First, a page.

Monthly Archives

June 2016

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Four steps to creating a Business Continuity Plan

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So, it’s time to create a Business Continuity Plan or to revise your current plan, but where do you start? Your plan can be as simple or comprehensive as you desire but remember – the simpler it is, the more flexible it will be. Here are the four steps you need to follow:

Identify threats or risks

First of all, take a look at the risks that will leave your employees, customers, vendors, property and operations vulnerable. Then weight the probability of each event against its potential impact to your business, as well as your readiness to respond. Consider the following factors:

Historical – what has happened in your area, to your business or operations before? Geographic – are you in a flood plain, near an airport or forest, on the coast or in the city centre. Physical – is there something about the layout or construction of your premises that might make your business particularly susceptible to a certain event? Organisational – certain industries are particularly susceptible to certain events e.g. strikes and or human error etc. Look closely at your employee, operational or technological infrastructure. Regulatory – this will actually help your process, i.e. is your specific business/industry required to prepare for any hazards?

Conduct a business impact analysis

This part of the process is about identifying the people, places, suppliers, processes and infrastructure critical to the survival of your business.

What are your products and services? Prioritise your most crucial products and services. Who is involved internally and externally? Key members of staff, agencies, suppliers who are absolutely necessary to restore critical operations.

At the end of this process you should have a list of items, prioritised by need to restore each after the event. It’s all about what has to be restored straight away and what can wait a week, month or a few months.

Develop your strategy/plan

Now you are getting to the nitty-gritty of your plan. It will list contact numbers, resources and procedures. This ‘how-to’ should include step-by-step instructions on what to do, who should do it and how. List each responsibility and write down the name of the person assigned to it.

Then keep all the information together and give one to each of your key members of staff. Also keep copies securely off-site e.g. at home.

Test, exercise and improve your plan routinely

A business continuity plan is ever-evolving and should adapt to your company’s ever-changing needs. Test and update it regularly – at least annually – or whenever critical functions, facilities, suppliers or staff change. It’s important that your staff understand their roles in the execution of the plan. The key is to ensure the plan works as intended.

If you have any questions or concerns over disaster recovery and business continuity, please contact us for advice.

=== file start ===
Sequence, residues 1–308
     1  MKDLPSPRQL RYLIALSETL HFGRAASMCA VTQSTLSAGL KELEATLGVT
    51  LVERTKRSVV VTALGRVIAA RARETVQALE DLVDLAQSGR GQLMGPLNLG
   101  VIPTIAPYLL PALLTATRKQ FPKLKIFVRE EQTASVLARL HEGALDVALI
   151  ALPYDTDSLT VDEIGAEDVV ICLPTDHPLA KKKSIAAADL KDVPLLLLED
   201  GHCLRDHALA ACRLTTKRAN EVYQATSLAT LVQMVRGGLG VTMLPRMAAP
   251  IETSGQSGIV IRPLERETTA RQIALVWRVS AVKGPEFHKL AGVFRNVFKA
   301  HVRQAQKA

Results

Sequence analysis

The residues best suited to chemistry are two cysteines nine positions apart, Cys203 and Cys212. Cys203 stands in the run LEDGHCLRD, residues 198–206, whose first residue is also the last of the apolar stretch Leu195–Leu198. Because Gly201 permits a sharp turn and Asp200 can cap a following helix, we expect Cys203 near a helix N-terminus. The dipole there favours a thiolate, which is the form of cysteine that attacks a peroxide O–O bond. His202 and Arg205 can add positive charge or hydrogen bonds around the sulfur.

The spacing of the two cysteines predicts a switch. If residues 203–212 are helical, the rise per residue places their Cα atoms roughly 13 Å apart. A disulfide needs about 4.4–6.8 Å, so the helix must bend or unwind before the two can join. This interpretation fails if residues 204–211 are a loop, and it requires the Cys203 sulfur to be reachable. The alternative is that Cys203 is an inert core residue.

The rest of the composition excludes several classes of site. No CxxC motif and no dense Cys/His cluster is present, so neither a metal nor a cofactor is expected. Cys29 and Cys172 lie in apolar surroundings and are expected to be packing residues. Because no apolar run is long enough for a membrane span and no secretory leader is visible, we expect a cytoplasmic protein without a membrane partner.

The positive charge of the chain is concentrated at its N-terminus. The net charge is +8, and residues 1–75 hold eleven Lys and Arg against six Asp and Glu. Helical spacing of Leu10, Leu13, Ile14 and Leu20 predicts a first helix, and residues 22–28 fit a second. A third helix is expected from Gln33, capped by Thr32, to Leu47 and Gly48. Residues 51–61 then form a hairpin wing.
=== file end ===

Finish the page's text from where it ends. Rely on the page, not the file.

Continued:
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Business continuity planning – what happens if an entire system goes down?

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You probably already know the importance of protecting your data, and have a backup process in place, but having a backup solution is only one piece of the bigger puzzle when it comes to business continuity planning. According to 2015 statistics from Infrascale, based on a collection of industry surveys, the average time it takes for a business to recover from a disaster is 18.5 hours. Even for a small company, this could be a substantial cost! Downtime can be a result of a natural disaster, hardware failure, data loss, security breach, server outage, or anything that touches your business operation. Often, there’s no way to predict when and how downtime will occur, but it can have catastrophic effects on your business.

The focus is often on the IT services and systems but true business continuity planning looks at the operations as a whole for a business. Business continuity planning is a way to continue business operations outside of normal systems, processes and procedures. For example, a basic backup system works well if someone deletes a file and needs to retrieve it, but what happens if an entire system goes down and how can you keep working?

With the emerging dominance of cloud based systems, business continuity plans are changing to reflect the reliance on internet connectivity, as well as offering viable alternatives to traditional systems. If a businesses core data and applications were cloud based, mobile workers could be quickly relocated and the business could still continue to operate. This does then raise the question of what happens if the cloud services are unavailable for a period of time so a balanced and measured approach should be taken.

You can prevent problems before they happen, minimize potential downtime and prepare for when issues occur! If you have any questions or concerns over disaster recovery and business continuity, please contact us for advice.